Saturday, 29 December 2012

Why do I always feel ashamed when stuff stops working?

Our ancient boiler (which may very well have been the prototype for the first Potterton boiler installed in 1902) is going through a temperamental patch. The pilot light keeps going out, and yesterday, when we got it to spark into life again, the boiler refused to make that comforting whooshing noise which signals all’s well with the world. Our boiler chappie has ordered two small parts which, he assures us, will put everything right – but it’ll be a few days before they arrive – and we’re due for a cold spell.

The odd thing about all this is that I subconsciously consider myself to be at fault. Not because I’m too mean to buy a new boiler (I’d love to, but deranged EU regulations mean we’d practically have to rebuild the house in order to instal a new one legally). And it’s not because I’ve done anything whatsoever to hurt its feelings – it’s been a constant companion for 22 years, and shouting at it because it’s a bit knackered would be like swearing at an ancient relative as he launches into the same anecdote for the 200th time.

No, it’s just that when certain things around me go wrong, I feel – bizarrely – personally responsible.

My wife – who’s a lot more practical than I am and likes to know how stuff works – doesn’t react in this way. She accepts the fact that things go wrong sometimes, and it’s occasionally hard for even experts to get them working again. As for me, it’s as if my ignorance and unmanliness have been exposed. Call himself a man? I hear people whispering – he can’t even get the pilot light on his boiler to stay on!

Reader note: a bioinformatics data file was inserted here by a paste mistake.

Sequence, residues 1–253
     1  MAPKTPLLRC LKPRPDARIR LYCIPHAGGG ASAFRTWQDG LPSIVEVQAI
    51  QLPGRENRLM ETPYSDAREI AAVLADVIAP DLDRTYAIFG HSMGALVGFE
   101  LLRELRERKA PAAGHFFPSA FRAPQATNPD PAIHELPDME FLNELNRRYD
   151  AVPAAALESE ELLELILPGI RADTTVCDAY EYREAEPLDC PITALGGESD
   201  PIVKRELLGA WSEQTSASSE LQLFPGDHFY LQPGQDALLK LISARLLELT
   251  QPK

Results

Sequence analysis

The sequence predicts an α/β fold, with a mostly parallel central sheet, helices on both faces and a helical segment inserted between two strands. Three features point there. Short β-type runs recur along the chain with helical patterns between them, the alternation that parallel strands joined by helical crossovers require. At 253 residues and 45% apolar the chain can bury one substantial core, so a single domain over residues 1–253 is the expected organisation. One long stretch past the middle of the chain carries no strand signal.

These feelings of embarrassment and inadequacy aren’t confined to heating equipment. Our TV has taken to occasionally displaying a rather fetching tartan pattern on the screen when first switched on. This disappears after the set’s warmed up for a couple of minutes. While waiting for the picture to come on, my wife reads the paper or makes a cup of tea. I fiddle with SCART plugs, even though I know full well these have nothing to do with anything, then I stomp around the house for a bit in a right old dither, vaguely worried that someone will turn up unexpectedly and discover that our television’s throwing a wobbler. Oh, the shame of it!

Same with the car. Having to tell anyone it's on the fritz is akin to announcing that one is suffering from erectile dysfunction. Ditto the computer and the broadband connection. Underperforming financial investments too (that would be all of them, actually). When it comes to blaming myself, the normal laws of cause and effect are suspended – somehow, everything is my fault.

There’s usually temporary relief when someone turns up to repair the fault, even if they can’t fix it, because then I can project my formerly inner-directed anger onto them – a plumber or an electrician can turn from saint to rogue in an eye-blink, as if it’s now, magically, their fault rather than mine.

I have no idea why I should react like this. I think I’ve always been this way, but the condition seemed to go into overdrive after my son was born. I’ve become less hair-shirty over the last few years. I suspect that’s because my wife regularly points out that I’m doing it again, and I’ve even begun to be able to recognise the tendency unaided.